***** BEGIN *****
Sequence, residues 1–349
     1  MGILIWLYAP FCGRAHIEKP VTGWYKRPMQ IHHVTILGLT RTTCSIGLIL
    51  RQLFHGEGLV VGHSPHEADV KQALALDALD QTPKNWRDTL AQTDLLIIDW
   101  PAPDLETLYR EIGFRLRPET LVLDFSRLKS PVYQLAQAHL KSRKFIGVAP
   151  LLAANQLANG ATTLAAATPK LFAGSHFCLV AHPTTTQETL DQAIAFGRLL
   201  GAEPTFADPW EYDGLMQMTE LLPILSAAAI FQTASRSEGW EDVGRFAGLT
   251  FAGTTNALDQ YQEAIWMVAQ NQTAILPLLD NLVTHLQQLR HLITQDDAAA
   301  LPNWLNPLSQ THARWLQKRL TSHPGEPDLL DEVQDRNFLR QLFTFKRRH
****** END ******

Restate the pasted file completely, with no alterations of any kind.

Sequence, residues 1–349
     1  MGILIWLYAP FCGRAHIEKP VTGWYKRPMQ IHHVTILGLT RTTCSIGLIL
    51  RQLFHGEGLV VGHSPHEADV KQALALDALD QTPKNWRDTL AQTDLLIIDW
   101  PAPDLETLYR EIGFRLRPET LVLDFSRLKS PVYQLAQAHL KSRKFIGVAP
   151  LLAANQLANG ATTLAAATPK LFAGSHFCLV AHPTTTQETL DQAIAFGRLL
   201  GAEPTFADPW EYDGLMQMTE LLPILSAAAI FQTASRSEGW EDVGRFAGLT
   251  FAGTTNALDQ YQEAIWMVAQ NQTAILPLLD NLVTHLQQLR HLITQDDAAA
   301  LPNWLNPLSQ THARWLQKRL TSHPGEPDLL DEVQDRNFLR QLFTFKRRH